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Title: Actinide Biocolloid Formation in Brine by Halophilic Bacteria

Abstract

We examined the ability of a halophilic bacterium (WFP 1A) isolated from the Waste Isolation Pilot Plant (WIPP) site to accumulate uranium in order to determine the potential for biocolloid facilitated actinide transport. The bacterial cell Surface functional groups involved in the complexation of the actinide were determined by titration. Uranium, added as uranyl nitrate, was removed from solution at pH 5 by cells but at pH 7 and 9 very little uranium was removed due to its limited volubility. Although present as soluble species, uranyl citrate at pH 5, 7, and 9, and uranyl carbonate at pH 9 were not removed by the bacterium because they were not bioavailable due to their neutral or negative charge. Addition of uranyl EDTA to brine at pH 5, 7, and 9 resulted in the immediate precipitation of U. Transmission electron microscopy (TEM) and energy dispersive X-ray spectroscopy (EDS) analysis revealed that uranium was not only associated with the cell surface but also accumulated intracellulary as uranium-enriched granules. Extended X-ray absorption fine structure (EXAFS) analysis, of the bacterial cells indicated the bulk sample contained more than one uranium phase. Nevertheless these results show the potential for the formation of actinide bearing bacterial biocolloidsmore » that are strictly regulated by the speciation and bioavailability of the actinide.« less

Authors:
; ; ; ; ; ;
Publication Date:
Research Org.:
Sandia National Labs., Albuquerque, NM (US); Sandia National Labs., Livermore, CA (US)
Sponsoring Org.:
US Department of Energy (US)
OSTI Identifier:
9492
Report Number(s):
SAND99-2006J
TRN: US0103137
Resource Type:
Journal Article
Journal Name:
Materials Research Symposium
Additional Journal Information:
Other Information: Submitted to Materials Research Symposium; PBD: 28 Jul 1999
Country of Publication:
United States
Language:
English
Subject:
12 MANAGEMENT OF RADIOACTIVE WASTES, AND NON-RADIOACTIVE WASTES FROM NUCLEAR FACILITIES; 54 ENVIRONMENTAL SCIENCES; BACTERIA; BRINES; URANYL CARBONATES; URANYL NITRATES; WIPP; RADIONUCLIDE MIGRATION; BIOLOGICAL ACCUMULATION; COLLOIDS

Citation Formats

Gillow, J.B., Francis, A.J., Dodge, C.J., Harris, R., Beveridge, T.J., Brady, P.V., and Papenguth, H.W. Actinide Biocolloid Formation in Brine by Halophilic Bacteria. United States: N. p., 1999. Web. doi:10.1557/PROC-556-1133.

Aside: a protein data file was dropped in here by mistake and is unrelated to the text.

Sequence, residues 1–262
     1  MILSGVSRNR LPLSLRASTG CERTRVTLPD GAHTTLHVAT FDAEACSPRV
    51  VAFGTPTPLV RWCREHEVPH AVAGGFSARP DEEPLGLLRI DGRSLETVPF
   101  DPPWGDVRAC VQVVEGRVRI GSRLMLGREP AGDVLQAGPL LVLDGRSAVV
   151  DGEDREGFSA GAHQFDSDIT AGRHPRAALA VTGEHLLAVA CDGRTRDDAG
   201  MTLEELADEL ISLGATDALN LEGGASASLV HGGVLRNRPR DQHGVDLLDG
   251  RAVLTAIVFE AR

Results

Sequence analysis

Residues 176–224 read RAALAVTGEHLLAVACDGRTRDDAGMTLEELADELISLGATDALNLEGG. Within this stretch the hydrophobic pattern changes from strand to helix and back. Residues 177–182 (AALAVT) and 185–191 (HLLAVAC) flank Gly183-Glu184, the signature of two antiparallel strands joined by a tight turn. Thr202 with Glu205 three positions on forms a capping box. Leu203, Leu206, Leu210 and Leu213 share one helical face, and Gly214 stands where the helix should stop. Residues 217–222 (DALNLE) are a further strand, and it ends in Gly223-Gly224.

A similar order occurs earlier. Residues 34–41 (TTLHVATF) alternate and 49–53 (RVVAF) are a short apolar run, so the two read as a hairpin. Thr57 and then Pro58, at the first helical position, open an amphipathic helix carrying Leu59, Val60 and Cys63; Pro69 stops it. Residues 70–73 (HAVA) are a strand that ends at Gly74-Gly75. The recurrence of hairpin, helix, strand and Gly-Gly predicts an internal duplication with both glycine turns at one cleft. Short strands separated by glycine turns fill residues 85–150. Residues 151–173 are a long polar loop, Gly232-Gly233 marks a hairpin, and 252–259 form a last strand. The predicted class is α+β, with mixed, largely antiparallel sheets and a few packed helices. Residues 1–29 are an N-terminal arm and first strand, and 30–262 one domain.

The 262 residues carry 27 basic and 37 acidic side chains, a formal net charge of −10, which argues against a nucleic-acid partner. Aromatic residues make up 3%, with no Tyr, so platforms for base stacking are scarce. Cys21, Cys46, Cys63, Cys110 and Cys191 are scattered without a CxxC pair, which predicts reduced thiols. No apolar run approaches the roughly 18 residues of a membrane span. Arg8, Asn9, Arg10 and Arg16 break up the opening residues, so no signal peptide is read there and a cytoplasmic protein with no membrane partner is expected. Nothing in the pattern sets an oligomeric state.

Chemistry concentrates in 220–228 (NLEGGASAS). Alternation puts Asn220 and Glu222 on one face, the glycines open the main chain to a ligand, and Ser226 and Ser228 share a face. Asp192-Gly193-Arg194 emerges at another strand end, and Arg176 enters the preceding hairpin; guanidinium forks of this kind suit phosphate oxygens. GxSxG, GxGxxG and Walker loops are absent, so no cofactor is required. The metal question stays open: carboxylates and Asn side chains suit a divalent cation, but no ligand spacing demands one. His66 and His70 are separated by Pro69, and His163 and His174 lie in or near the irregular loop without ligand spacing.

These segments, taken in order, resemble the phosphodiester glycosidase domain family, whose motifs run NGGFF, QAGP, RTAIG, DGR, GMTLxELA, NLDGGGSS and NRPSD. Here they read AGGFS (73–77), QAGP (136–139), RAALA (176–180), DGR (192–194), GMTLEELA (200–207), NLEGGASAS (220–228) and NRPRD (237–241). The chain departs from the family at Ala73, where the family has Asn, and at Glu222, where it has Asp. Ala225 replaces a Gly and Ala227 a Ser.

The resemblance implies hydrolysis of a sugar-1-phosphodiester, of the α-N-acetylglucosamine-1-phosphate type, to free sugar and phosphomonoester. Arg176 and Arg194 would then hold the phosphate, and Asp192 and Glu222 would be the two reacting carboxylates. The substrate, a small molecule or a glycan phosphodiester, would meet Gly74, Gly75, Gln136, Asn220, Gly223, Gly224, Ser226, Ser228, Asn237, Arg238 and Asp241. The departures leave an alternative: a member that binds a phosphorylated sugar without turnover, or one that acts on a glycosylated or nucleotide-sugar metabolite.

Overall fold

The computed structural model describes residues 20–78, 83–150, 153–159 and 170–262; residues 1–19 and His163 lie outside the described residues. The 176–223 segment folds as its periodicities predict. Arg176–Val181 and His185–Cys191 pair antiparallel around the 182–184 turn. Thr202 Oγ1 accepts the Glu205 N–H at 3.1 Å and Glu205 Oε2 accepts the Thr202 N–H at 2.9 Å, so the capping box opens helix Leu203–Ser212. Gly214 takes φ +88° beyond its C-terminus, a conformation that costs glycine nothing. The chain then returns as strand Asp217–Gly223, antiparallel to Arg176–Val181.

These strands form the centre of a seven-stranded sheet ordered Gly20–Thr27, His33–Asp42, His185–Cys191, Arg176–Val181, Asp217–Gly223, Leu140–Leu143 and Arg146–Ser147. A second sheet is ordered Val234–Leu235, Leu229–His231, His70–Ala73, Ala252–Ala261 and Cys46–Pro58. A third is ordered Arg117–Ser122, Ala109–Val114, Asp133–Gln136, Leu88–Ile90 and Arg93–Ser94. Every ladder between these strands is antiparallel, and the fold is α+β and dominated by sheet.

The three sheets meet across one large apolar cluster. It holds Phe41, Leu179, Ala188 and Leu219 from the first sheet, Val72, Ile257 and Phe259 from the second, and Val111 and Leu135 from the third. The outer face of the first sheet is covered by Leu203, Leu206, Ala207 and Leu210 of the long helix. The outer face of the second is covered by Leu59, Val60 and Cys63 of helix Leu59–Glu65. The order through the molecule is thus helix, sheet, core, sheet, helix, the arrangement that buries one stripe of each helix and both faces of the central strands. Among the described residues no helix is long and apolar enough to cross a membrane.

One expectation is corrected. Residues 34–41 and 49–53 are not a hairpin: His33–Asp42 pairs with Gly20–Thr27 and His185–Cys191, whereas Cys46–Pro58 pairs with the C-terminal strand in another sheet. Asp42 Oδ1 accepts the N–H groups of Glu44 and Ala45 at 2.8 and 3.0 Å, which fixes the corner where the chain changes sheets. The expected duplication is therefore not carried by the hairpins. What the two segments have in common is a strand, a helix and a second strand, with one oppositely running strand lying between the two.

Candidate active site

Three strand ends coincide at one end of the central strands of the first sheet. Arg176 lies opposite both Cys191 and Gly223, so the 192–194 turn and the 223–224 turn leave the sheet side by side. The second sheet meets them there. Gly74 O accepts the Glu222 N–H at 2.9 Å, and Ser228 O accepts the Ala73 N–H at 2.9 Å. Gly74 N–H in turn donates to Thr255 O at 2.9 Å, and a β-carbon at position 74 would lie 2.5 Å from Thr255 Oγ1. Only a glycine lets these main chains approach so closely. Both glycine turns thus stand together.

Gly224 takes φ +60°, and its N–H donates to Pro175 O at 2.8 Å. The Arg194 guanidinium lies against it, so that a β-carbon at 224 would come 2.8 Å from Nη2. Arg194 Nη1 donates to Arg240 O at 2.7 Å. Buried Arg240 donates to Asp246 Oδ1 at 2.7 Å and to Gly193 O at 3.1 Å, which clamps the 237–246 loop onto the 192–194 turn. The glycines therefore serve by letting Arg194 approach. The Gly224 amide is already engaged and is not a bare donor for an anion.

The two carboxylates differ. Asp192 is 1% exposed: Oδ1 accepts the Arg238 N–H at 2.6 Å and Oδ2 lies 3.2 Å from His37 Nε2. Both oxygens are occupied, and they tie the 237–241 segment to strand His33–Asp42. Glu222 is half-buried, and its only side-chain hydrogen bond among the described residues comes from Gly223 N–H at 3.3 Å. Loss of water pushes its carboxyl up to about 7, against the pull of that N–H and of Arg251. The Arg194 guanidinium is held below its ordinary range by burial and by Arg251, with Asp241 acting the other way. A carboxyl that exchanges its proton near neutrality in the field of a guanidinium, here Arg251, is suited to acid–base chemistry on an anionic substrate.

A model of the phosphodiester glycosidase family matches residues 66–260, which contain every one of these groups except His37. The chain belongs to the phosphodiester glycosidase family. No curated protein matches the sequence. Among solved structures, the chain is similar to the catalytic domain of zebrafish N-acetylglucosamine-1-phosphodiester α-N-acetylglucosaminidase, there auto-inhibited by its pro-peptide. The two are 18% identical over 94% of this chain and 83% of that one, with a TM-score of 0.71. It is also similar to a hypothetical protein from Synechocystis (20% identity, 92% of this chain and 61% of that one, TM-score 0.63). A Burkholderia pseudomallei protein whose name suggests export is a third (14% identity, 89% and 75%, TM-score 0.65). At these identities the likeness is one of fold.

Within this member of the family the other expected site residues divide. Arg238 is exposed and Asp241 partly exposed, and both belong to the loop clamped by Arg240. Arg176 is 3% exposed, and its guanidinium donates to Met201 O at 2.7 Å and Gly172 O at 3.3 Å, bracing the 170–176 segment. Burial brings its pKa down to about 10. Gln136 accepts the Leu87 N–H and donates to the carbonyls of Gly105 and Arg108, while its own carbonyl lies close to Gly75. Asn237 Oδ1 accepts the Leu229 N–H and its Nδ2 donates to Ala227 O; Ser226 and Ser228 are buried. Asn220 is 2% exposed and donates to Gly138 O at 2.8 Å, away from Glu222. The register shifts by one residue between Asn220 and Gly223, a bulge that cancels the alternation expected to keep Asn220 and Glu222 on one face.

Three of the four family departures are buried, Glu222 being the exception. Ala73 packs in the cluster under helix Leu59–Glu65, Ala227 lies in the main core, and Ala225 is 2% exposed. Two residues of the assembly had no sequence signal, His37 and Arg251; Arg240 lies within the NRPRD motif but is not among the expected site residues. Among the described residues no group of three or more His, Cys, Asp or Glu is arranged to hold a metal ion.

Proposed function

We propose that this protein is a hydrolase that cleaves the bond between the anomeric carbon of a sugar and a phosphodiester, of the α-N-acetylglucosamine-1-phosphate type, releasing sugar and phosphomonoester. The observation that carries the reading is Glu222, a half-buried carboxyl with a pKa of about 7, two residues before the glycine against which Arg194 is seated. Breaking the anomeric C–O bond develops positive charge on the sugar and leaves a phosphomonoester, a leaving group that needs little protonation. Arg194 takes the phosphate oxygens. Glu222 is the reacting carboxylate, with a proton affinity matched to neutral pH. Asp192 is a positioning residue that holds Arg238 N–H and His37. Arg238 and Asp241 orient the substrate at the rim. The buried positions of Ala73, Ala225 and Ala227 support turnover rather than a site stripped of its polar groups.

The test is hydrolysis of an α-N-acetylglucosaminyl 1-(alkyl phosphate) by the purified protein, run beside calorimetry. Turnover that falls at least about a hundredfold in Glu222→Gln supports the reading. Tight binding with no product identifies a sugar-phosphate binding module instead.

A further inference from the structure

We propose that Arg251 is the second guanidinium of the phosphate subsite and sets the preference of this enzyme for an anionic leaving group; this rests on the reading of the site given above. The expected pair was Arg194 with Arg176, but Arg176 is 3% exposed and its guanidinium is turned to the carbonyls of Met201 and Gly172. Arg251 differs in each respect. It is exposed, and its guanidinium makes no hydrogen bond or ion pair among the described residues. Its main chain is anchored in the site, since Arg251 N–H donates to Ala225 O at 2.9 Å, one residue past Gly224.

Gillow, J.B., Francis, A.J., Dodge, C.J., Harris, R., Beveridge, T.J., Brady, P.V., & Papenguth, H.W. Actinide Biocolloid Formation in Brine by Halophilic Bacteria. United States. doi:10.1557/PROC-556-1133.
Gillow, J.B., Francis, A.J., Dodge, C.J., Harris, R., Beveridge, T.J., Brady, P.V., and Papenguth, H.W. Wed . "Actinide Biocolloid Formation in Brine by Halophilic Bacteria". United States. doi:10.1557/PROC-556-1133. https://www.osti.gov/servlets/purl/9492.
@article{osti_9492,
title = {Actinide Biocolloid Formation in Brine by Halophilic Bacteria},
author = {Gillow, J.B. and Francis, A.J. and Dodge, C.J. and Harris, R. and Beveridge, T.J. and Brady, P.V. and Papenguth, H.W.},
abstractNote = {We examined the ability of a halophilic bacterium (WFP 1A) isolated from the Waste Isolation Pilot Plant (WIPP) site to accumulate uranium in order to determine the potential for biocolloid facilitated actinide transport. The bacterial cell Surface functional groups involved in the complexation of the actinide were determined by titration. Uranium, added as uranyl nitrate, was removed from solution at pH 5 by cells but at pH 7 and 9 very little uranium was removed due to its limited volubility. Although present as soluble species, uranyl citrate at pH 5, 7, and 9, and uranyl carbonate at pH 9 were not removed by the bacterium because they were not bioavailable due to their neutral or negative charge. Addition of uranyl EDTA to brine at pH 5, 7, and 9 resulted in the immediate precipitation of U. Transmission electron microscopy (TEM) and energy dispersive X-ray spectroscopy (EDS) analysis revealed that uranium was not only associated with the cell surface but also accumulated intracellulary as uranium-enriched granules. Extended X-ray absorption fine structure (EXAFS) analysis, of the bacterial cells indicated the bulk sample contained more than one uranium phase. Nevertheless these results show the potential for the formation of actinide bearing bacterial biocolloids that are strictly regulated by the speciation and bioavailability of the actinide.},
doi = {10.1557/PROC-556-1133},
journal = {Materials Research Symposium},
number = ,
volume = ,
place = {United States},
year = {1999},
month = {7}
}